Too Clever by Half
Grandma said it first. “Don’t be too clever,” she said. “Lads don’t like girls who are too clever.” That got me thinking. I was bright. I enjoyed school and got a kick out of answering the teachers’ questions. I did well in exams and made Mum and Dad proud. They were thrilled at the thought of me going to university.
No one in our family had made it past secondary school. I had a pile of prospectuses at home, awaiting my attention. But I didn’t have a boyfriend. All the other girls had boyfriends. I felt like the last book in the library – the one no one wants to take out. I wasn’t bad-looking, good skin, clean hair and healthy teeth. I made an effort to look my best and wear fashionable clothes. I read widely so I’d have something interesting to say. I got on well with the girls, but the boys shied away. Tanya, who had a great sense of humour, but little sense about anything else, was never short of dates. Perhaps Grandma was right.
One Saturday, a group of us were sitting in our local coffee bar when the subject of the end of term disco came up. Between sips of skinny lattes everyone was asking, “Who are you going with?” I was the only one who didn’t have a date. I tried to shrug it off, as if it didn’t matter.
I laughed along with the others, but inside my heart was breaking. I wondered what was wrong with me, but deep down I knew. Grandma was right. I was ‘too clever by half.’ I imagined a long, loveless life, empty and meaningless. I’d die a lonely spinster with no children and not even a lifetime of happy memories. Misery settled like a lead weight in my stomach.
“You intimidate them,” Tanya said, sipping her latte. “You outshine them and make them feel inferior. Boys like to be in charge, or at least think they are.” She winked and gave a wicked grin. “Why don’t you come to the footie this afternoon?” she said. “Loads of hunky blokes chasing a ball over the Rec. One of them’s bound to take your fancy. I’ll introduce you if you like.”
I sighed. “But I hate sports. I can’t tell football from basketball. It’ll be a disaster.” I swallowed a gulp of coffee to hide my disappointment.
“Do you want a boyfriend or not?” Tanya raised her eyebrows at me. “You won’t find one tucked inside the pages of ‘The Magic of Maths’, that’s for sure.”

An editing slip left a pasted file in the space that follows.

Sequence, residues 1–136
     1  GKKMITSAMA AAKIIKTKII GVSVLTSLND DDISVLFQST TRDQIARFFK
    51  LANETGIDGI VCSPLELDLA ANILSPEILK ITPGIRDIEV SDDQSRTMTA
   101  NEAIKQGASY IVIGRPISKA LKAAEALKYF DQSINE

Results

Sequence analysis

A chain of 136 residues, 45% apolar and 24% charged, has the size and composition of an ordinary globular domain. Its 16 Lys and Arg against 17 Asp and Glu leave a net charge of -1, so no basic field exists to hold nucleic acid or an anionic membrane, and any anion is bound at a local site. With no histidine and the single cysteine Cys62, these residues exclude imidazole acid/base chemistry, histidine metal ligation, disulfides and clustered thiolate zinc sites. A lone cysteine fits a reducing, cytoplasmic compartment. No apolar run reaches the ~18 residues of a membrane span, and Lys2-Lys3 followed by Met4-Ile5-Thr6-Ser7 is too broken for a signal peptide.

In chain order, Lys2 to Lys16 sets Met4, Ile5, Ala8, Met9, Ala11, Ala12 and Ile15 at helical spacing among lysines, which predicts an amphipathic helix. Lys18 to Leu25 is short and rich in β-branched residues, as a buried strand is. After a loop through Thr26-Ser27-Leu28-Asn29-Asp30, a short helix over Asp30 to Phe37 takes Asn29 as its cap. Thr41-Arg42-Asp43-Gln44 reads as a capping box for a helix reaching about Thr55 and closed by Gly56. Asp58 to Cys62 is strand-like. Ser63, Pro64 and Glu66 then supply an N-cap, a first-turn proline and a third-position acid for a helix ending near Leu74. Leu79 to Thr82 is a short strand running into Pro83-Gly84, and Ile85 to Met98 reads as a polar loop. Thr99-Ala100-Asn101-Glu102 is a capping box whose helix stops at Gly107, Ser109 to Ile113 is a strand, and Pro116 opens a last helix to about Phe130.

She was right. With my apology for a social life, going to the footie with Tanya was my best hope of getting a date for the disco. That afternoon I went to my first ever football match.
The wind whipped my hair into a greasy frenzy. I wished I’d worn a thicker coat and wellies. Windburn brightened my cheeks. I couldn’t follow the game, so I cheered when Tanya cheered, jeered when she jeered and jumped up and down when she jumped up and down, although she may have just been trying to keep warm. I heaved a shudder of relief when it was all over.
In the club bar afterwards, Tanya introduced me to Jimmy, the team’s centre forward. He said he’d been named after Jimmy Greaves, the footballing legend famous for missing out on playing in the 1966 World Cup Final. He was tall, athletic and blonde with swimming pool eyes. His muscles strained to escape the confines of his T-shirt. My heart turned over.
“Great game,” I said, beaming my best ever smile in his direction.
“We lost,” he said, eyeing me suspiciously.
My heart sank. He smiled at my discomfort and swung into a chair beside me.
“I’m a Gooner,” he said. “Who do you support?”
My mind went blank. I crossed my fingers. “Gooners too,” I said eventually.
He laughed. “I bet you don’t even know what a Gooner is.” I had to admit I didn’t. “Arsenal supporter. Arsenal - Gunners – Gooners, get it?” I didn’t, but nodded anyway.
“I’ve met some air-heads in my time,” he said, smiling broadly, “but you beat them all. Never heard of Gooners.” He shook his head. “Unbelievable,” he said.
He offered to buy us drinks. “What are you having?”
I smiled. “Orange juice, thanks.”
His eyes widened. “Orange juice? You’re kidding?”
Tanya nudged me. “Yeah, she’s having you on. Two Bacardi Breezers,” she said.
I blanched. We were both under age, but that didn’t seem to worry Tanya. We got on quite well after that.
Saturday afternoon footie became a regular fixture in my diary. I thrilled at the envy in the other girls’ eyes and the way heads turned as I walked past with Jimmy. He called me his ‘little sparrow’ saying I reminded him of the birds that flocked around his mother when she put out crumbs for them. When he was with his mates, he called me ‘Bird-brain’. I basked in the warmth of his approval.
During the week we’d go to the cinema. Jimmy enjoyed war films and sci-fi. Every Saturday, rain or shine, usually rain, I’d stand on the touchline watching him play. I got used to stamping my feet to stop them freezing to the ground and banging my arms to keep my circulation from stalling. I dreamed of huge scarves that wrap around your head and keep your ears warm. Afterwards we’d go to the club and re-live the match kick by kick. I never did get to grips with the offside rule. A warm glow spread over me when he smiled at my confusion.
He told me about his work as a trainee mechanic. I didn’t know anything about engines either, and he enjoyed explaining things to me. Best of all, I had a date for the end of term disco, and one I’d be proud to be seen with.
Tanya was made up about Jimmy and me. “His father owns the garage on the edge of town,” she said. “You could do worse.”
Meanwhile, the prospectuses sat on my desk, waiting for my decision. When I mentioned it to Jimmy, he said, “What do you want to go to Uni for? It’s just like school. I’ll speak to my dad, he’ll give you a job at the garage. He’s always looking for someone to do the paperwork, and you’ll be earning good money.”
“I don’t know,” I said. “Mum and Dad…”
“That’s settled then,” he said and kissed me.